Not only are they used by law-abiding citizens, but Chen noted "there is virtually no evidence that nunchakus are associated with, or have been used to engage in, criminal conduct since" the ban was implemented. For the most part, nunchucks can't be modified to give them a "special propensity for criminal use."

"In fact," Chen wrote, "its intended use as a weapon for recreational martial arts practice and training appears to greatly outstrip its use in crime."

Chen also concluded that nunchucks are "in common use," citing the fact that nearly 65,000 of them have been sold in the U.S. between 1995 and 2018. She explained:

The Court finds that based on this magnitude of sales—especially given the outright bans on nunchaku (in New York and Massachusetts), the other restrictions placed on nunchaku ownership and use in the states where they may be lawfully possessed, and the apparent incompleteness of Defendant's nunchaku sales data—and the relevant, albeit limited, case comparators, Defendant has failed to establish that nunchaku are not in common use.

Ultimately, Chen said the Constitution protects Maloney's right to possess nunchucks. "The centuries-old history of nunchaku being used as defensive weapons," she wrote, "strongly suggests their possession, like the possession of firearms, is at the core of the Second Amendment." Also protected by the Second Amendment is the right to transport, manufacture, or dispose of nunchucks, she ruled.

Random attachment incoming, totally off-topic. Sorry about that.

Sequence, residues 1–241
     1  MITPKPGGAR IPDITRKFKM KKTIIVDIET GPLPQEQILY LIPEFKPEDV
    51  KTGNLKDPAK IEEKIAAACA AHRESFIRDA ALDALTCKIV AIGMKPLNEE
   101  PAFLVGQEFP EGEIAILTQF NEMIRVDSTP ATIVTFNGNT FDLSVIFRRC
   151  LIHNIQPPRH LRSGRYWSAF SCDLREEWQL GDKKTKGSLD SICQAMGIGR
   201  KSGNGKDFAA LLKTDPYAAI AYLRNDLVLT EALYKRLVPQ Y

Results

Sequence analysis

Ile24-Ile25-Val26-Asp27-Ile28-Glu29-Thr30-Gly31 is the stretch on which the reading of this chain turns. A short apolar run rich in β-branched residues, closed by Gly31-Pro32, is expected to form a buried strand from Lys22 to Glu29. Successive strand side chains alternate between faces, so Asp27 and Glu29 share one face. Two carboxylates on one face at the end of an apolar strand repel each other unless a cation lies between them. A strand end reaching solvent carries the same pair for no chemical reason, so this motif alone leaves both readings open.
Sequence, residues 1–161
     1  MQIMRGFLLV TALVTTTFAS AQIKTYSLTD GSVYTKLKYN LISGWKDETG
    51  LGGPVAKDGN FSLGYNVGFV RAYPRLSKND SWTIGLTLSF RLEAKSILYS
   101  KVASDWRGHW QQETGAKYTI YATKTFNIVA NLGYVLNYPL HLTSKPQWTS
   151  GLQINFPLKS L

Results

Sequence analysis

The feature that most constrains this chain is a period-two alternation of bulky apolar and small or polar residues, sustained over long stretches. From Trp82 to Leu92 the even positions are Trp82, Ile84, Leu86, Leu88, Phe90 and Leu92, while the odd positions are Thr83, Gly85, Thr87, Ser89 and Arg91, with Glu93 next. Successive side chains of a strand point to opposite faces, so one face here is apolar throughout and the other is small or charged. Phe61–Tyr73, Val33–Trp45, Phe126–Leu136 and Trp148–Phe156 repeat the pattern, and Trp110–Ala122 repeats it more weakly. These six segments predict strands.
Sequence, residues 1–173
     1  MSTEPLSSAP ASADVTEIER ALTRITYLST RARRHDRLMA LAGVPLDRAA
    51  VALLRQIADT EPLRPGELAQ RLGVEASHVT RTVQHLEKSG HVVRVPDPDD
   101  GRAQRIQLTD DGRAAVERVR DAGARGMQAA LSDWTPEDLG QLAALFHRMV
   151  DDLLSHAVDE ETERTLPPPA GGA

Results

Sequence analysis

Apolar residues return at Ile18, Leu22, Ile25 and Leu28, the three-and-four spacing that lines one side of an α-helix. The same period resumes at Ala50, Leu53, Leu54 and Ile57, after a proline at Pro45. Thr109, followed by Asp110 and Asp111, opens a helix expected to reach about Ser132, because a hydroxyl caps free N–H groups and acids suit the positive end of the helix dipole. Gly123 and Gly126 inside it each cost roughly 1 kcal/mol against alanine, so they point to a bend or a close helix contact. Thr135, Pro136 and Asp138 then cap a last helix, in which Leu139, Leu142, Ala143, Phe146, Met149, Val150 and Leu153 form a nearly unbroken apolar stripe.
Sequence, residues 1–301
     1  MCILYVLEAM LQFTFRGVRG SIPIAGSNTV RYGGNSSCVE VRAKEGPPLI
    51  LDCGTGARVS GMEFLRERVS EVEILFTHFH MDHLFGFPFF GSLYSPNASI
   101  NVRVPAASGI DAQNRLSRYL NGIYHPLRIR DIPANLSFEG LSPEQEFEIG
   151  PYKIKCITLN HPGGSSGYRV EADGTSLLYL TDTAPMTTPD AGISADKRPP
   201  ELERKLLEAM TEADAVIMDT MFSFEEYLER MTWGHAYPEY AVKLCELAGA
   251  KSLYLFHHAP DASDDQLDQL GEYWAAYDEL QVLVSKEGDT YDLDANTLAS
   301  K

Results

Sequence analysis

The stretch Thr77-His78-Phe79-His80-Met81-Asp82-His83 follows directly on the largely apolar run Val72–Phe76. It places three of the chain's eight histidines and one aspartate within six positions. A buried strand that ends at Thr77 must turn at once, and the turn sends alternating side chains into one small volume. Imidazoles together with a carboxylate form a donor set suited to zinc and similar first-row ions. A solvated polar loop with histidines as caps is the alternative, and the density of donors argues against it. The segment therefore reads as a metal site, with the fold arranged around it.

In light of Chen's ruling, Maloney says he plans to get back to training "at home for the first time in nearly 20 years." Maloney says he's "had half a dozen pairs of sticks sitting around unstrung for all that time," so his first step will be to restring them.

Regarding the ruling as a whole, Maloney says Chen "displayed true wisdom," which he greatly appreciates.

"I can see from the findings of fact and conclusions of law, and from all that led up to the production of that document," he says, referring to the ruling, "that a huge amount of thought and effort went into refining and rendering the final decision, and it makes me happy to see that our federal courts can and do (albeit not always) 'deliver the goods' in applying the law to protect individual rights."